Lawyer says prosecutors allege sledgehammer was used to kill Southern California family of 4

Prosecutors are expected to claim a Southern California man used a sledgehammer to kill a family of four whose bodies were found years later in shallow desert graves, but there isn't a shred of physical evidence tying him to the crime scenes, a defense attorney said.

Charles "Chase" Merritt, 58, has a scheduled preliminary hearing Monday on charges that he murdered his business partner, Joseph McStay, the man's wife and their two young sons in their Fallbrook home in northern San Diego County.

Merritt has pleaded not guilty to quadruple murder. A judge will decide whether there is enough evidence to hold a trial.

The McStay family vanished in February 2010 and their remains were found in November 2013 about 100 miles away near Victorville in neighboring San Bernardino County. Merritt was arrested last November.

Authorities have not released details of the deaths of McStay, 40; his wife, Summer, 43; and their sons, 4-year-old Gianni and 3-year-old Joseph Jr.

The family's disappearance initially puzzled investigators who said there were no signs of forced entry at the home, nothing was missing, and the couple's credit cards and tens of thousands of dollars in bank accounts were untouched.

Prosecutors probably plan to argue that Merritt, who had a water fountain business with McStay, killed the family because he had written checks to himself on the business account and McStay had found out and planned to cut ties, defense attorney Jimmy Mettias told KCBS-TV (http://cbsloc.al/1f3Zk8L).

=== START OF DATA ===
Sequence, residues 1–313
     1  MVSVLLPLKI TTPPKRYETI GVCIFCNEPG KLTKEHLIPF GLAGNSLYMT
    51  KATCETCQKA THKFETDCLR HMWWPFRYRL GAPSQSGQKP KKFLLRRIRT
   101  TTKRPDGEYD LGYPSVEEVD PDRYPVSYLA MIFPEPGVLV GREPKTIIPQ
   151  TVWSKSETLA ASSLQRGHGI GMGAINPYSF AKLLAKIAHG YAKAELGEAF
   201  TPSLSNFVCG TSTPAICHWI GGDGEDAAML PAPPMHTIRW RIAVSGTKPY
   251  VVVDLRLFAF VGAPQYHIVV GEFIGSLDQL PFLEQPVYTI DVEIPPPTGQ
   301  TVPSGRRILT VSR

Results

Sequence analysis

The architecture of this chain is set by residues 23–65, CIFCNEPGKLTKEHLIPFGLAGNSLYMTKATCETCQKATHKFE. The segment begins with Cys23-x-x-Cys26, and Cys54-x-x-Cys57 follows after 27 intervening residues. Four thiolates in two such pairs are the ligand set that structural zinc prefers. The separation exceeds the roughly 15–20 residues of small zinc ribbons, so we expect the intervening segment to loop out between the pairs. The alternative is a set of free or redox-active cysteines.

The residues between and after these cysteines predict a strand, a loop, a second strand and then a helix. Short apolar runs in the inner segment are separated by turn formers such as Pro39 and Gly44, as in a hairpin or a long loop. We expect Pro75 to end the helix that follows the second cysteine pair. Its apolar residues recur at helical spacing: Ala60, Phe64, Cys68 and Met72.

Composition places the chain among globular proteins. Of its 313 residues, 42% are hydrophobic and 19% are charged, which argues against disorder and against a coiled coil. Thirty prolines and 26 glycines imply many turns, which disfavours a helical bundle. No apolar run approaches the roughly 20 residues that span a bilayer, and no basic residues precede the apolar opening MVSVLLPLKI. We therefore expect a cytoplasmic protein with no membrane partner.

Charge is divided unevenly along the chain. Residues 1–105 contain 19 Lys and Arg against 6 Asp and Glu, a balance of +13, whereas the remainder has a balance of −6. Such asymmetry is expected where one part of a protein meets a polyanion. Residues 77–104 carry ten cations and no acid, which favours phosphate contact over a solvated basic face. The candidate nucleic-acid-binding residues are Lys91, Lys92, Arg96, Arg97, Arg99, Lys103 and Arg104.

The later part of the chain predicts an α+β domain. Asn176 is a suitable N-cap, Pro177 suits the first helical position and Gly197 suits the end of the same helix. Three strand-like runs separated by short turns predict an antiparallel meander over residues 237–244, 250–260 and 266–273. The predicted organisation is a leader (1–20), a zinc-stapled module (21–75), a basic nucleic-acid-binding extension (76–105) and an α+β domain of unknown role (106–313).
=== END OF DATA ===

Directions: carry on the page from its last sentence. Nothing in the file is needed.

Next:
At the preliminary hearing, prosecutors likely will say the murder weapon was a 3-pound sledgehammer that was found in one of the graves, Mettias told the Daily Press of Victorville (http://bit.ly/1cMrFOX).

But there is no DNA, hair, blood or fingerprints tying his client to the McStay home or the graves, Mettias said.

"They'll rely on a couple of small things they believe would lead them to believe the murder happened at the home," Mettias told the newspaper. "The problem we've seen throughout this, there's not a shred of physical evidence that would even suggest that a quadruple homicide by bludgeoning people would have occurred inside the house."

Prosecutors intend to claim that Merritt painted the home to cover up the killings and there was paint found on the sledgehammer — but it doesn't match the type supposedly used to paint the house, the defense attorney said.

Prosecutors also plan to introduce cellphone records to establish Merritt's whereabouts, Mettias said.

Christopher Lee, a spokesman for the San Bernardino County district attorney's office, declined to comment Wednesday.

A defense team of four is representing Merritt, who previously represented himself.